WASHINGTON (AP) _ Agriculture Secretary Richard E. Lyng said Monday that a savings package fashioned by farm-state senators appears unlikely to reach the goals set by last month's budget summit.

''I think it's unacceptable in terms of it complying with the efforts made by the summit budget compromise,'' Lyng said in a telephone interview. ''I doubt for one thing if it produces enough savings.''

The budget summit between Congress and the Reagan administration produced a savings plan calling for $900 million in farm cuts in the fiscal year that started Oct. 1.

It called for a 2 percent cut in target prices that are set by the government and represent a key factor in determining the size of payments to farmers.

The Agriculture Committee was slow in acting on the blueprint. It finally convened late Friday afternoon after a meeting with leaders that Chairman Patrick J. Leahy, D-Vt., described as ''at times somewhat tense.''

It produced its own $2.5 billion, two-year savings blueprint.

Lyng was highly critical of a provision that would slow the planned lowering of price-support loan rates. They have been going down for the last two years as a way of reducing the price of U.S. goods and thus stimulating sales overseas.

The change would ''make us less competitive,'' Lyng said.

Lyng also said the package contains a payments program designed to stimulate oilseeds exports that could prove expensive. The committee had held that the marketing loan provision, similar to ones that have greatly spurred cotton and rice exports, would not be costly.

''It won't in this fiscal year,'' Lyng said. ''It most certainly wouldn't cost us any money as far as soybeans are concerned, but the provision also calls for a marketing loan for other oilseeds.''

''It probably would be in the hundreds of millions,'' Lyng said.

Lyng said he talked with Senate Agriculture Committee members Monday and ''I've urged them to adopt the provisions that were tenatively approved by the summit group.''

''That was a bipartisan group,'' he said. ''I don't believe there's been any real opposition. I don't understand why they didn't just adopt it and go on about their business.''

Leahy said fashioning the savings package ''was a major challenge'' and that the panel ''worked together to reduce its impact on farm income.''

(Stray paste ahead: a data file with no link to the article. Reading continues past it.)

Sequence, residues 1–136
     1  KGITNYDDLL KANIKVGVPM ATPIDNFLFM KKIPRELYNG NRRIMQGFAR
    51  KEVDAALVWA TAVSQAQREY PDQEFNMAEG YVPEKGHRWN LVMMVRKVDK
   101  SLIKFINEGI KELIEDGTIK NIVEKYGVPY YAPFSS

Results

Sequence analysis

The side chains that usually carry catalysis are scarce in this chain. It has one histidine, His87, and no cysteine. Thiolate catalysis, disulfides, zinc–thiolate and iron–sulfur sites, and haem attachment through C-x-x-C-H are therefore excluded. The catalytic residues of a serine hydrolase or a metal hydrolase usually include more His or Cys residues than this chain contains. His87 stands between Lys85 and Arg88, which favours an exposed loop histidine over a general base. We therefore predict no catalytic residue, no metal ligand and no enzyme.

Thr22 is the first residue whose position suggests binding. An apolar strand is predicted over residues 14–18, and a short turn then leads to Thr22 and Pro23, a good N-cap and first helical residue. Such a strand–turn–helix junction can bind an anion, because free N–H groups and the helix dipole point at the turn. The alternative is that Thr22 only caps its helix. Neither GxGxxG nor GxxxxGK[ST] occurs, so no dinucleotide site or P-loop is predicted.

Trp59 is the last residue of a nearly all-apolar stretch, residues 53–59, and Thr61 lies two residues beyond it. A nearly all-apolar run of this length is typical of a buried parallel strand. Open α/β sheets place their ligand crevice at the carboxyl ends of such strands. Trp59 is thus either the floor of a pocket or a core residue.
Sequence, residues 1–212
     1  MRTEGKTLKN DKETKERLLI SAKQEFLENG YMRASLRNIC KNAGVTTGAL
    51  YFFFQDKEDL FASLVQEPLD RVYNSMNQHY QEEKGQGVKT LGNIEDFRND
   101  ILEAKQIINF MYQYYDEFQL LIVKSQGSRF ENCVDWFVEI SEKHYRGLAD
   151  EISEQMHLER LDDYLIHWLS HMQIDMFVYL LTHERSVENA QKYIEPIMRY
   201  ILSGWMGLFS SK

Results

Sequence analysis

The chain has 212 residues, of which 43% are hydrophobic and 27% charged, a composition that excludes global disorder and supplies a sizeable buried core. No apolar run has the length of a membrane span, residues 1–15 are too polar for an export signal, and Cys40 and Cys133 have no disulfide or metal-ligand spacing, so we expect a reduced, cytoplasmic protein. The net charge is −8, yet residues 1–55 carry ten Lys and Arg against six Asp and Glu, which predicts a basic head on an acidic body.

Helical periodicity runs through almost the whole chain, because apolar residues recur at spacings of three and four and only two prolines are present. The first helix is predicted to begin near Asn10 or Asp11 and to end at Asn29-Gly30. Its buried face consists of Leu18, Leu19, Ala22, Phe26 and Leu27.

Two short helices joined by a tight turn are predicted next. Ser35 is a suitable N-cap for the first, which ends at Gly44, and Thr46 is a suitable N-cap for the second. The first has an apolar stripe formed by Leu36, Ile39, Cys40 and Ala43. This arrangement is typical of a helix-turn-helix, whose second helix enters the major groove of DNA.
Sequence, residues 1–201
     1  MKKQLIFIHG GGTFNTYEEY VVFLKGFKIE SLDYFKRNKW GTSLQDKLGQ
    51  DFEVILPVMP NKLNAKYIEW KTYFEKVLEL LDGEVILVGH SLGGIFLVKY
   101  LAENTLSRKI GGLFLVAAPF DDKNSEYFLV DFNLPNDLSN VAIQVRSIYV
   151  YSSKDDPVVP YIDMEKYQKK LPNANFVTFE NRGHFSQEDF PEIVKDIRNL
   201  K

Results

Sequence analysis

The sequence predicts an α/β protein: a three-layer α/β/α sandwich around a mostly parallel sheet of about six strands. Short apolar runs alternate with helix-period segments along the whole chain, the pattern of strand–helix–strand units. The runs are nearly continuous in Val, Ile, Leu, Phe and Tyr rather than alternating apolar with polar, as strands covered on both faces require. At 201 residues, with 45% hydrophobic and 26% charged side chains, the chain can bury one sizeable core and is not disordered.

''The package we have put together will require some painful adjustments, but we have done everything we can to minimize its impact on farm income,'' Leahy said in a statement issued by his office.

''Saving $2.5 billion is not easy but we have done it,'' he said.

The package contains more than a dozen components. But major savings would be achieved through a few key features.

The secretary of agriculture would be authorized to increase the maximum acreage idling requirement for feed grains by 5 percent. But farmers would be allowed to plant those acres in soybeans, sunflowers and other oilseeds - other than cottonseed - without losing their acreage bases.

In addition, the program calls for a 5 percent paid diversion program for 1988 and 1989. Corn farmers would get $2 a bushel in 1988 and $1.75 in 1989 for yield they would have achieved if the acreage had not been idled.

Savings were calculated by the committee at $820 million in the current fiscal year and $450 million next fiscal year.

The measure also calls for a 1 percent cut in the target price for 1988 crops of wheat, feed grains, upland cotton and rice. Savings of $135 million in the fiscal year that started Oct. 1 and $205 million in 1989 would be achieved, the committee said.

Spending in the milk price support program also would be reduced one percent as would the 1988 support price for wool and mohair. The panel said that would save $28 million this year and $9 million next year.

The secretary would be empowered to slow the decline in price support loan rates from the scheduled 5 percent in 1988 to one percent. In 1989, the limit on the drop in the loan rate again would be 5 percent.

Such a move would realize savings of $135 million in the current fiscal year and $275 million in 1989, the committee said.